For its next blockbuster exhibition, Boise Art Museum brings to town works by Georgia O'Keeffe. Visions of the Sublime is an extraordinary exhibition that re-examines the work of one of America's most iconic artists. O'Keeffe was a visionary who provided us new ways to view our surroundings and explore our inner selves. O'Keeffe said, "I have picked flowers where I found them-have picked up sea shells and rocks and pieces of wood ... I have used these things to say what is to me the wideness and wonder of the world as I live in it." This comment connects O'Keeffe to the aesthetic concept of the sublime, with its sensation of infinite space and evocative color and light. This exhibition, spanning more than five decades, features 30 paintings and one sculpture by O'Keeffe, together with photographs by O'Keeffe's husband, Alfred Stieglitz and images of O'Keeffe by noted American photographer Todd Webb. Complementing these works are 18 paintings by earlier American artists that exemplify the concept of the sublime in landscape painting. Included are works by Albert Bierstadt, Martin Johnson Heade and George Inness from the Hunter Museum of American Art and the Butler Institute of American Art. The exhibition opens June 30 and is on display through Sept. 19.
A local documentary focusing on the history of the Jewish community and human rights issues in Idaho has received international recognition as the winner of a Silver Telly in the 26th Annual Telly Awards. The documentary, Rivers in the Desert, produced by Jody Tee Creative Services and their independent production company, Edenbridge Productions, premiered at The Flicks and aired on Idaho Public Television in May 2004.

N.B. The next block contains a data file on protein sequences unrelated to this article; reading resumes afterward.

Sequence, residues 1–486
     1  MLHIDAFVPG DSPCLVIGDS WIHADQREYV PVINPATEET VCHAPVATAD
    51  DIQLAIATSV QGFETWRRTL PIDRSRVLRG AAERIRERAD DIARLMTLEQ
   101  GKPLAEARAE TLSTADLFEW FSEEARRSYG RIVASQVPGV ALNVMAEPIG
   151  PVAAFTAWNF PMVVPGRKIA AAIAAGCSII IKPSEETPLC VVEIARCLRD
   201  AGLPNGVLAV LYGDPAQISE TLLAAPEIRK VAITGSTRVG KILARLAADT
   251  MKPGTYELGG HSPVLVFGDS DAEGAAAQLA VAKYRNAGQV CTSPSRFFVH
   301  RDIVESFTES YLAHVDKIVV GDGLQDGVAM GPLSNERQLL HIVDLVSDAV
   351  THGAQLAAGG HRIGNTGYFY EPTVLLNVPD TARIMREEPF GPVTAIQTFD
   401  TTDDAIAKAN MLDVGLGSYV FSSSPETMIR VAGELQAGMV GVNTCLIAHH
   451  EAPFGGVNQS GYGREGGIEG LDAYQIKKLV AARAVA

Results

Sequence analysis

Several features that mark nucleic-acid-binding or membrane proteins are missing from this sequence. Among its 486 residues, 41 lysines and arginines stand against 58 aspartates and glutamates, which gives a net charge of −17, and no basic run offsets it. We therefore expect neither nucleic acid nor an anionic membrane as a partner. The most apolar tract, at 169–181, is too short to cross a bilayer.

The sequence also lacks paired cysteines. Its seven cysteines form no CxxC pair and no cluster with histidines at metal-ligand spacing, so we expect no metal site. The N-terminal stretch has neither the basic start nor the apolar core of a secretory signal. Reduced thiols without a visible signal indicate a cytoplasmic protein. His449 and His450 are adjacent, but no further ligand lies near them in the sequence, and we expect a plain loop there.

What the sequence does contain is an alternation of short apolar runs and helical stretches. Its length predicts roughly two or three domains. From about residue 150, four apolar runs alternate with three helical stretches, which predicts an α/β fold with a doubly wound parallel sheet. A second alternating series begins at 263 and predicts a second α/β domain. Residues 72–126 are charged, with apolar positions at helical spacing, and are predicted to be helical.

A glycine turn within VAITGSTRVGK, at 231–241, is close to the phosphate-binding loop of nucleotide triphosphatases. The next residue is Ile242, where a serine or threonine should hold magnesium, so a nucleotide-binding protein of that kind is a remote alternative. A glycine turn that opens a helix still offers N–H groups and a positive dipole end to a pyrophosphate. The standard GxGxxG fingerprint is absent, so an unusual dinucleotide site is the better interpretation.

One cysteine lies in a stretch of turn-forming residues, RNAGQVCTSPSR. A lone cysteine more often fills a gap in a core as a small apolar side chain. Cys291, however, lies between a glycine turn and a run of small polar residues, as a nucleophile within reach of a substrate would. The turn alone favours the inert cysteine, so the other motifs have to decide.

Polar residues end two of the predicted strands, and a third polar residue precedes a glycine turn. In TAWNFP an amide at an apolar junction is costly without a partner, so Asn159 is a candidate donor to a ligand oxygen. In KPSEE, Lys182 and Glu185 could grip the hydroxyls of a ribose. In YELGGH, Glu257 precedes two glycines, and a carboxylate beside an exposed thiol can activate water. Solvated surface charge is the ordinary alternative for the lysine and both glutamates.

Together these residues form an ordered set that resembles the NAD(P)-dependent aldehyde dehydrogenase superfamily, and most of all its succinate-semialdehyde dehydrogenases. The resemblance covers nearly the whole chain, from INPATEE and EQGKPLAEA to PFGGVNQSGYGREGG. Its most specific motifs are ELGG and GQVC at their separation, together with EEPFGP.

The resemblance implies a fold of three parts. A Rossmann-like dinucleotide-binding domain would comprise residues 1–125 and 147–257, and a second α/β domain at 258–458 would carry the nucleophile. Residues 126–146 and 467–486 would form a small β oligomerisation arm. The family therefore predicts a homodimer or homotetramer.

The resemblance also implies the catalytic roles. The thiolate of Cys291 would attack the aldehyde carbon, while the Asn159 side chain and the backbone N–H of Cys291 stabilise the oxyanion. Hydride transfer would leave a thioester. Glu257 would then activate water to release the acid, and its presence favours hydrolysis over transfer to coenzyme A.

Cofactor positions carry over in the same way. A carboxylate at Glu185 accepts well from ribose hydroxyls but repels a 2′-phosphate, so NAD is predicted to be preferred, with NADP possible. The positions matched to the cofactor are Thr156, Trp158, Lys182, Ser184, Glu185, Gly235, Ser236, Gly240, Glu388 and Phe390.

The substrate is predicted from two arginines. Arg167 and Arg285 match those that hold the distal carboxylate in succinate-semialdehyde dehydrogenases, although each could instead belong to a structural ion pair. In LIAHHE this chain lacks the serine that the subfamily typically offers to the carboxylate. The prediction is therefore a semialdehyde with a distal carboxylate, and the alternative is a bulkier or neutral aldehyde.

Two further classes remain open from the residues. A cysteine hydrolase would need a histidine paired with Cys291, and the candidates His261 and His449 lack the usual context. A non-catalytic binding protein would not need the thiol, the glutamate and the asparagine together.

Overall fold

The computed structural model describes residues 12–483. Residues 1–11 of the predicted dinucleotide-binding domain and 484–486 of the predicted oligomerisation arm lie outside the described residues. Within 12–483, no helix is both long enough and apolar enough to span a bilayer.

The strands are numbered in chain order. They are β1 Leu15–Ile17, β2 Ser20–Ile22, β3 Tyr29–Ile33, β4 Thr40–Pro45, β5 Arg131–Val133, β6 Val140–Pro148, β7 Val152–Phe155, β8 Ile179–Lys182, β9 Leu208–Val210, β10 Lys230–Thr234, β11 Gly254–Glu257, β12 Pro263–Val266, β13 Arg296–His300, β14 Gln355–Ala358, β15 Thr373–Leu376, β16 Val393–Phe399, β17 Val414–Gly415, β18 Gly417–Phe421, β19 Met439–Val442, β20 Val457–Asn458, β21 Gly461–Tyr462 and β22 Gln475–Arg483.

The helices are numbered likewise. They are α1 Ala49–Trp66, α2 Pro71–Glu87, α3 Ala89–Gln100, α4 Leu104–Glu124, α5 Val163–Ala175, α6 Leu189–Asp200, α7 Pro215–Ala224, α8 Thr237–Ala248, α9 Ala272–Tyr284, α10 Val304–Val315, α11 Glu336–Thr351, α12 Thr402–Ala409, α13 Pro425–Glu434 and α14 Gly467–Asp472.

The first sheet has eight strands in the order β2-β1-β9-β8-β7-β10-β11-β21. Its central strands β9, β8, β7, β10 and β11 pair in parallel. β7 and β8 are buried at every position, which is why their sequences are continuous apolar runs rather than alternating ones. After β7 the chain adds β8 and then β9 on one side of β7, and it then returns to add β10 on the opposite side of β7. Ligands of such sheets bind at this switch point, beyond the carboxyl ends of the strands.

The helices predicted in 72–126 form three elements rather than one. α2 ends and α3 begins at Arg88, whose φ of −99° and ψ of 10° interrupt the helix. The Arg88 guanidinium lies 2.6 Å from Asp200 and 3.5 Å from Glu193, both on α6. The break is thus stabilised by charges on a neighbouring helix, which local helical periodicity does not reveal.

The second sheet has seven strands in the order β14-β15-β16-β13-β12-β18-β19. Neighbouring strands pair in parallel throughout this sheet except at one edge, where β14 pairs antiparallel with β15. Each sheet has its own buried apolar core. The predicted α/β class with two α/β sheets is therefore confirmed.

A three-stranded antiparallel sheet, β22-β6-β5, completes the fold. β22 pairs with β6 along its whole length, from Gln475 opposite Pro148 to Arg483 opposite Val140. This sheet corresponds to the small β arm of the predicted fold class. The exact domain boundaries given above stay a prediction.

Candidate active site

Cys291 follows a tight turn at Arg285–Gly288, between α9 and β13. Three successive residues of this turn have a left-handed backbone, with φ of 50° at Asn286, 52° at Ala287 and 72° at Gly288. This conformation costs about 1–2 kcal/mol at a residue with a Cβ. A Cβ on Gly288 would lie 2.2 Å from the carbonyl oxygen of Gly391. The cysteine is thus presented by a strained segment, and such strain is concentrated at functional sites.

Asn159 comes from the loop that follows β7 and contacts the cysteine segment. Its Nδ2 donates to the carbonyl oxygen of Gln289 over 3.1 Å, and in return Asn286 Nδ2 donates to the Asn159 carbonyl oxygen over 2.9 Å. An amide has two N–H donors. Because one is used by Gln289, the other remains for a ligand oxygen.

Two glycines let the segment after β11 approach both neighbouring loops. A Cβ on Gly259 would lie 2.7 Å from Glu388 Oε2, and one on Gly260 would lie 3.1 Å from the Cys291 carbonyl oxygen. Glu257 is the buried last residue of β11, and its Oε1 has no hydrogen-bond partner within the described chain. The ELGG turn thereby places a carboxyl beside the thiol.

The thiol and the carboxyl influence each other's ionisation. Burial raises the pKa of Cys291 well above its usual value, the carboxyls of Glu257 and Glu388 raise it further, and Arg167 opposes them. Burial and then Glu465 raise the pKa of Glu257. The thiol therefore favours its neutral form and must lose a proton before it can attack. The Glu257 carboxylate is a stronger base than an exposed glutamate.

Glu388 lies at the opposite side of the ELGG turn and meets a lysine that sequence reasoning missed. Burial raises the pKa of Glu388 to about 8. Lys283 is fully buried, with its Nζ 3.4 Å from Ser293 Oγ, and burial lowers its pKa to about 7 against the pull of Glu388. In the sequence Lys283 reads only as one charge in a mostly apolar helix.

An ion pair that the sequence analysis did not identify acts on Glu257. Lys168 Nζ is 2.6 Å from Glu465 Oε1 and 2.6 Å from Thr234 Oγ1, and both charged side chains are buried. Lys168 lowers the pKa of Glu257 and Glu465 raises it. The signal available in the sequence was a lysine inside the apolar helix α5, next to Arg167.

The program used the move of Boise's Synagogue (Ahavath Beth Israel) in October 2003 as a visual metaphor to follow the journey of Jews in Boise from pioneer days to the present. Rivers in the Desert includes the story of Moses Alexander, the first Jewish governor in the United States and the tumultuous years when Jews (and other minorities) throughout the state felt the threat of the Aryan Nations' (Nazi) presence in Idaho. The program gave viewers an opportunity to find out what it's like to be Jewish in Boise and was produced in cooperation with the Idaho Human Rights Education Center.
Ground has been broken on the latest addition to the Idaho Botanical Garden, the Lewis and Clark Native Plant Garden.
This garden will offer a look at native plants from Great Falls, Montana to The Dalles, Oregon as cataloged by Captain Meriwether Lewis on the journey made by the Corps of Discovery. Four distinct habitats will be featured: prairie, canyon land, montane, and wetlands. Seven "Travelers' Rest" areas, named after a stop which the Corps of Discovery made on their long ago journey, will offer information on the plants and how they were used. All interpretive signage will be interspersed with text from Lewis' journals.
The scheduled completion date for this project is May 2006, 200 years after the Corps of Discovery passed through northern Idaho on their return journey to St. Louis, Missouri.
The following Treasure Valley artists and art organizations recently received Idaho Arts Commission Quick Funds Grants:
Boise Philharmonic Association received $990 to support expanding education outreach, "Ensembles in the Schools" and serve rural elementary and middle schools.
Foothills School of Arts and Sciences received $1,000 to support "Nature in Motion," a drama workshop and school performance.
Mary Alice Glen received $485 to present and attend workshops at the American String Teachers National Conference.
Kathleen Keys received $490 to attend and participate at the 2005 National Art Education Association Convention.
Kimiko Miyoshi received $1,000 to create two installations for an exhibition at Eastern Oregon University.
Grant Olsen received $950 to create and show several larger-scale works.
Djenne Shaub received $465 to attend Mamady Keita's West African Drum workshops in Phoenix, Arizona and Santa Cruz, California.
Si Se Puede Idaho, Inc. (Yes We Can Idaho, Inc.) received $960 to support Reflections/Reflectiones, a pilot project to help at-risk students study Mexican American Culture through paintings.
Catherine Wagner received $960 to support a poetry reading tour as a source of new poems in Spring 2005.
Rosenthal Gallery of Art at Albertson College of Idaho received $1,000 to support a professional consultation by Hispanic folk artist Eva Castellanoz in planning a visual art project, The Rose Collaborative.
Hyook Chan Johnson received $900 to study Ka-Ya-Kum (classical Korean stringed instrument) with master Okhee Chang.